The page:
To accommodate adjustability of the engagement end 38, slots 94 on the rear slide 66 are longer than the slots 88 formed in front slide 64. The additional lengths of the slots 94 in rear slide 66 enables the use of rail 34 in a rack system having more closely spaced front and rear support columns, i.e. a shallower depth, without affecting the latching capability of latching system 54. Curved slot 78 also has sufficient length to permit adjustment of the rail for use in rack systems having different depths. For example, when rail 34 is used in a rack system with a greater depth, actuation of pivot member 58 moves rear slide 66 and pin 72 towards a release or disengaged position. Simultaneously, slide pin 76 moves through a curved slot 78 until the slide pin 76 engages the end of the slot and begins to move front slide 64 and pin 70 to a disengaged position.
 However, if the rail 34 is utilized in a rack system having a lesser depth, slide bracket 98 and rear slide 66 are positioned closer to the front engagement end 36 to accommodate the shorter distance between the front support column 24 and the rear support column 26. Simultaneously, slide pin 76 is located in the curved slot 78 toward a position where any further pivoting motion of pivot member 58 in the direction of arrow 74 (see FIG. 2) begins to release pins 70 and 72. Accordingly, when the rail 34 is to be disengaged, movement of pivot member 58 in the direction of arrow 74 immediately begins to simultaneously withdraw pins 70 and 72 from their latched position.
 As illustrated, engagement of a rail 34 involves insertion of hook 46 and any additional hooks 48 through selected openings 32, as illustrated in FIG. 5. Hooks 46 and 48 rest along the bottoms of openings 32 to support the front engagement end 36. Similarly, hook 50 and any additional hooks 52 are inserted through selected openings 32 of the appropriate rear support column 26, as illustrated in FIG. 6. Hooks 50 and 52 lie along the bottoms of the selected openings 32 and support the rear of rail 34 at the desired position along rear support column 26.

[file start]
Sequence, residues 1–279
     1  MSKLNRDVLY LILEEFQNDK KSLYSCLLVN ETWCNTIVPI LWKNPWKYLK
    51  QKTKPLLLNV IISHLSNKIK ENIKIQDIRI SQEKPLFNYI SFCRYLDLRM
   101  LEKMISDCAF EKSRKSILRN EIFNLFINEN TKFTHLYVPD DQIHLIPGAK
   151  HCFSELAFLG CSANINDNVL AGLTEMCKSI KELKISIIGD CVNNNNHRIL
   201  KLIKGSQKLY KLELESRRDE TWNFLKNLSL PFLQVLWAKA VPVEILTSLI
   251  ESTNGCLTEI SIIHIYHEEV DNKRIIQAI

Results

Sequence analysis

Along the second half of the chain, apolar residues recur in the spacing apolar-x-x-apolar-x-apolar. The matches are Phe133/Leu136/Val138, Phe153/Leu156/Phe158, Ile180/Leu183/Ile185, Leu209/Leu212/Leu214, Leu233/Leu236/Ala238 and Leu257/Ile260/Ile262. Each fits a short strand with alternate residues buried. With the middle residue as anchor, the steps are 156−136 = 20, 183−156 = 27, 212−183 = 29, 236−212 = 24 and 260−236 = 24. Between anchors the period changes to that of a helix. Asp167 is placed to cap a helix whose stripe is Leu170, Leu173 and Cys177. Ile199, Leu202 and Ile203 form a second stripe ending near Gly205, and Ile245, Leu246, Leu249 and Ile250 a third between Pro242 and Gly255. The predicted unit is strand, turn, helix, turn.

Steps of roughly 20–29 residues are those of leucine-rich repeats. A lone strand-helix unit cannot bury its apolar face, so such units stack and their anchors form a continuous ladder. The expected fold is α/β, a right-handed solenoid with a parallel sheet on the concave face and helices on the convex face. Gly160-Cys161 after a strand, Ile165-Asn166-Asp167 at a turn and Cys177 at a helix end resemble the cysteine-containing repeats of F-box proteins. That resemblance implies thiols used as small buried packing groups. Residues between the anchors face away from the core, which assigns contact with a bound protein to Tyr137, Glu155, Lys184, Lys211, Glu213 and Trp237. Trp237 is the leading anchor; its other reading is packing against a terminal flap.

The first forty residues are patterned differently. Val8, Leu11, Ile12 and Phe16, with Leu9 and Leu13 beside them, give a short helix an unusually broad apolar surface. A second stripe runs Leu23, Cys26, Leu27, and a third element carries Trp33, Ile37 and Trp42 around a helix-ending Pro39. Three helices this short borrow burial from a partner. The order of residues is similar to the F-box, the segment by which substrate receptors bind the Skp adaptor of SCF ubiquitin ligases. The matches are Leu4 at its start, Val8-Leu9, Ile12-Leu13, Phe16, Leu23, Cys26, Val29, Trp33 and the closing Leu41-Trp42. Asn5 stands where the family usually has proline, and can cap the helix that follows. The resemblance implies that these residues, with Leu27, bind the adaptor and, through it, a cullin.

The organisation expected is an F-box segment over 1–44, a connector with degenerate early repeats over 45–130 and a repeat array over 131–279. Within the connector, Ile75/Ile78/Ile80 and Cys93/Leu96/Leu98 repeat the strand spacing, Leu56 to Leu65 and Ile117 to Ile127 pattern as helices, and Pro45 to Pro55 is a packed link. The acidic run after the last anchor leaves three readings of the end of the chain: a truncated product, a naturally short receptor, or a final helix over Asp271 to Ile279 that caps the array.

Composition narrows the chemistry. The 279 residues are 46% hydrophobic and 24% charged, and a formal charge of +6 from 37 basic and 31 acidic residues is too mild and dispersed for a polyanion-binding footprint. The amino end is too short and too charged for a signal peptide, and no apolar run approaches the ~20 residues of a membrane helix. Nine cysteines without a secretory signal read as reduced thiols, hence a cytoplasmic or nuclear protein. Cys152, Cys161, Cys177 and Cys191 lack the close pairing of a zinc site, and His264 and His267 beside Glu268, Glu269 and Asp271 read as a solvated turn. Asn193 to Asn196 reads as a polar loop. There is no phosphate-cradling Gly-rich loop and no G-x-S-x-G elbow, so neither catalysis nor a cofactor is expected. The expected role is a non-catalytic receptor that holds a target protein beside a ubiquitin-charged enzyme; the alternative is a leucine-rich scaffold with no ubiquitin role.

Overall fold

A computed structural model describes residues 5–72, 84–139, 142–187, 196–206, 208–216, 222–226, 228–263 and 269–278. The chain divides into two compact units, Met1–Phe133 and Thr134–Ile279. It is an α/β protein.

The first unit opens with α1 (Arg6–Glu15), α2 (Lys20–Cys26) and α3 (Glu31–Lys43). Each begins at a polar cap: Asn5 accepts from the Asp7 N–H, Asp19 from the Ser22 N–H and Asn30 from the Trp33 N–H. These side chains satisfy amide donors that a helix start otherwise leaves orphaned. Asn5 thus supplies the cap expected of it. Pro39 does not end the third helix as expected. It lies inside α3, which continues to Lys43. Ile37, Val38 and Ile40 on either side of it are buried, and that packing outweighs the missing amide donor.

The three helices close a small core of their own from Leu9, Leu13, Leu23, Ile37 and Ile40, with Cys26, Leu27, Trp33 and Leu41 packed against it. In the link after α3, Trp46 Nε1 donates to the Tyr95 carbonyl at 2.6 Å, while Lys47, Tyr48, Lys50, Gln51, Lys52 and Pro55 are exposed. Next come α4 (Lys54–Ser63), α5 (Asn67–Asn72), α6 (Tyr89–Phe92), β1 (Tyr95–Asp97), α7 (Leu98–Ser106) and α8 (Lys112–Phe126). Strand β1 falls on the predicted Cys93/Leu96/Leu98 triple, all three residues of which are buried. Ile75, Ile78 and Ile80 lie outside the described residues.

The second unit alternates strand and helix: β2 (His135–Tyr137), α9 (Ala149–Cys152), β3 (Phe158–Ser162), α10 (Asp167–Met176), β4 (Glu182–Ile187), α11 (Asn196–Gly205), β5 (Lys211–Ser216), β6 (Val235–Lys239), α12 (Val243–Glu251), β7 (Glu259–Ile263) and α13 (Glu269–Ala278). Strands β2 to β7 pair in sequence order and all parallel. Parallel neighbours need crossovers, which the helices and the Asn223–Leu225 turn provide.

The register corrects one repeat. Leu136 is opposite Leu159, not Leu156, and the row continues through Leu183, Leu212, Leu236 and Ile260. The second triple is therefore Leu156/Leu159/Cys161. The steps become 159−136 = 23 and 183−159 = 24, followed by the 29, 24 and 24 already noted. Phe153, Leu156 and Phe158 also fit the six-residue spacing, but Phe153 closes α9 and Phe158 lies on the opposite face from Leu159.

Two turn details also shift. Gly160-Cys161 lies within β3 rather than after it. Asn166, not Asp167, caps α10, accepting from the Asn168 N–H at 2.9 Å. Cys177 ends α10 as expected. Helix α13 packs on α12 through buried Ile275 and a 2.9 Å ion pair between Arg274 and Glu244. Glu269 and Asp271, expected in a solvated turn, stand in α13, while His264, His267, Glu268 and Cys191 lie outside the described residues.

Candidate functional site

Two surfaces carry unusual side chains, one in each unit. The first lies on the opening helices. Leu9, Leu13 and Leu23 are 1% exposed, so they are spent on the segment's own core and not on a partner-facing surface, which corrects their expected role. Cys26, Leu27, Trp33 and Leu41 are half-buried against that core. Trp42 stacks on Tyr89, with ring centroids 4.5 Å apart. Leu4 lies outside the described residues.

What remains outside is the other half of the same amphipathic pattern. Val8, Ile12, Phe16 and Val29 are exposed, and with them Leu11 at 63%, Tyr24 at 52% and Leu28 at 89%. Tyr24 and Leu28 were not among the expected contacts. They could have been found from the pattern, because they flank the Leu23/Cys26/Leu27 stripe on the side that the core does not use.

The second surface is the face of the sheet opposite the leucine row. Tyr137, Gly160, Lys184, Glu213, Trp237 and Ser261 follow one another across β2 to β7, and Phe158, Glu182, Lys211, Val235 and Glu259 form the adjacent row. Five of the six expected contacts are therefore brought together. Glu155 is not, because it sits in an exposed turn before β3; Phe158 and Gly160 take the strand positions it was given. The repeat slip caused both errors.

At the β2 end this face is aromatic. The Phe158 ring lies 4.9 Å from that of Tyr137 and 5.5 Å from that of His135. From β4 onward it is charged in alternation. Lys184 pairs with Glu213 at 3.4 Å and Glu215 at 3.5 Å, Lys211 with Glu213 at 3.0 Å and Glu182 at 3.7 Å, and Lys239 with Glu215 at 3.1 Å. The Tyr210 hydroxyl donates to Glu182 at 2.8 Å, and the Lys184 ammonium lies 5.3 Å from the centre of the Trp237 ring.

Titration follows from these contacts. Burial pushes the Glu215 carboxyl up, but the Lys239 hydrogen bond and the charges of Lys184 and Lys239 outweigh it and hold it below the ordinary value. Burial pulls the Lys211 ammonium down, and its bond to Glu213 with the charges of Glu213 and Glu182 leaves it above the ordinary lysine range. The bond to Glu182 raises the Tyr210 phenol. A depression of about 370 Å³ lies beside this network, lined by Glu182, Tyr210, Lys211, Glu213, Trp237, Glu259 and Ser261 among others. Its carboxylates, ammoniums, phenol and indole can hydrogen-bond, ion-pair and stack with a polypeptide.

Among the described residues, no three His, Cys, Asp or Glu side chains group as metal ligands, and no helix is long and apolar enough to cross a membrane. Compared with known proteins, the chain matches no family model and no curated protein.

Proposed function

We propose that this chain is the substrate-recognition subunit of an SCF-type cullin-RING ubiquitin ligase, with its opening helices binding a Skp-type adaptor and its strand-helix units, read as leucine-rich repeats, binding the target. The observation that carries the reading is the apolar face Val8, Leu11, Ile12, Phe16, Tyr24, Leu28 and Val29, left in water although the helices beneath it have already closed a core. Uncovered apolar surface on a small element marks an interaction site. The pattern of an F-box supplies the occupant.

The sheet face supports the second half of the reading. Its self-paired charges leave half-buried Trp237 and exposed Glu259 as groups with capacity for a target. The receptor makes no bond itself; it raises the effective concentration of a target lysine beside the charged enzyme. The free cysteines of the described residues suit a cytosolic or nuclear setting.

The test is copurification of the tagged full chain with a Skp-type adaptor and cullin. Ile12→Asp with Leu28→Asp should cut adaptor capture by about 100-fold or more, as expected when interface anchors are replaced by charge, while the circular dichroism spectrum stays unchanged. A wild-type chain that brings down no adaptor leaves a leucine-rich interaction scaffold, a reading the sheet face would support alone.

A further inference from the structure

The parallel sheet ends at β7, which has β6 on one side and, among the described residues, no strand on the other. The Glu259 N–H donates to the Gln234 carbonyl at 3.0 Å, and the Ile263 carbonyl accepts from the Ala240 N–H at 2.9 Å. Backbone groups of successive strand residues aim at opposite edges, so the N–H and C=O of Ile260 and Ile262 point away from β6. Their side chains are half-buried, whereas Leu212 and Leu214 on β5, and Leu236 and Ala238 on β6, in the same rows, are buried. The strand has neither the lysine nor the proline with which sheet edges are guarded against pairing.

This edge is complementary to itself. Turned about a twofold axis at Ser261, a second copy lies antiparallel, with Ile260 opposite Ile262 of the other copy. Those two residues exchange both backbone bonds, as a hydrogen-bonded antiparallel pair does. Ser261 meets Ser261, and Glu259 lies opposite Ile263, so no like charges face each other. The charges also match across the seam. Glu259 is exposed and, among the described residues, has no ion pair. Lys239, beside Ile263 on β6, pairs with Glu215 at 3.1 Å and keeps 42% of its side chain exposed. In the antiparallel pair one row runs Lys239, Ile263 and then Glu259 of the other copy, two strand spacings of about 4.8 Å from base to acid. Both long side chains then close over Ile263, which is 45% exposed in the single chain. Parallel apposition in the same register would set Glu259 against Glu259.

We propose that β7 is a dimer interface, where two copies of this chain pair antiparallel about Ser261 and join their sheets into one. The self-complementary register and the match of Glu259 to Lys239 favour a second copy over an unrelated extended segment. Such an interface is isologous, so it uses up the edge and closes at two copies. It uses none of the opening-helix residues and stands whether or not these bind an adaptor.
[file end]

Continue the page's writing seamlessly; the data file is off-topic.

When the hooks 46, 48, 50 and 52 are positioned in the selected openings 32, pivot member 58 of actuator 56 is rotated (or allowed to be rotated by springs 90 and 96) to move pins 70 and 72 into the same openings 32 through which hook 46 and hook 50 extend. Pins 70 and 72 are sized to substantially fill the corresponding openings 32 above hook 46 and hook 50, respectively, thereby preventing inadvertent removal of hooks 46 and 50 as well as front engagement end 36 and rear engagement end 38.
 To disengage and remove rail 34, pivot member 58 is rotated in the direction of arrow 74 (see FIG. 2) to linearly move rear slide 66 and front slide 64 toward each other. The movement of rear slide 66 and front slide 64 disengages rear latch 69 and front latch 68. In the embodiment illustrated, rear latch 69 and front latch 68 are disengaged when pins 70 and 72 are withdrawn from their openings 32. Once pins 70 and 72 are withdrawn, rail 34 simply may be lifted to withdraw hooks 46, 48, 50 and 52 from front support column 24 and rear support column 26.
 Latch system 54 enables an easy, tool-less installation and removal of rails 34 at desired positions within rack system 20. Actuator 56 permits an individual to both latch and disengage a rail with a single hand and without the use of screws or other separate components. Thus, one or more rails may be quickly installed, removed or moved to different locations within rack system 20 without the need for a technician to move between the front and the rear of the rack and without requiring additional manpower.
 While the invention may be susceptible to various modifications and alternative forms, specific embodiments have been shown by way of example in the drawings and described in detail herein. However, it should be understood that the invention is not intended to be limited to the particular forms disclosed.
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|U.S. Classification||211/26, 211/189, 312/265.4|
|International Classification||H02B1/36, G06F1/18, H05K7/18|
|Cooperative Classification||H05K7/183, H05K7/1489, H02B1/36, G06F1/183|
|European Classification||H05K7/18B, H02B1/36, G06F1/18S|
|Jul 28, 2003||AS||Assignment|
Owner name: HEWLETT-PACKARD DEVELOPMENT COMPANY, L.P., TEXAS
Free format text: ASSIGNMENT OF ASSIGNORS INTEREST;ASSIGNORS:NGUYEN, MINH H.;CABALLERO, DONALD;WESTPHALL, PAUL E.;REEL/FRAME:013836/0125
Effective date: 20030219
|Jul 14, 2009||CC||Certificate of correction|
|May 21, 2010||FPAY||Fee payment|
Year of fee payment: 4
|Jul 3, 2014||REMI||Maintenance fee reminder mailed|
|Nov 21, 2014||LAPS||Lapse for failure to pay maintenance fees|
|Jan 13, 2015||FP||Expired due to failure to pay maintenance fee|
Effective date: 20141121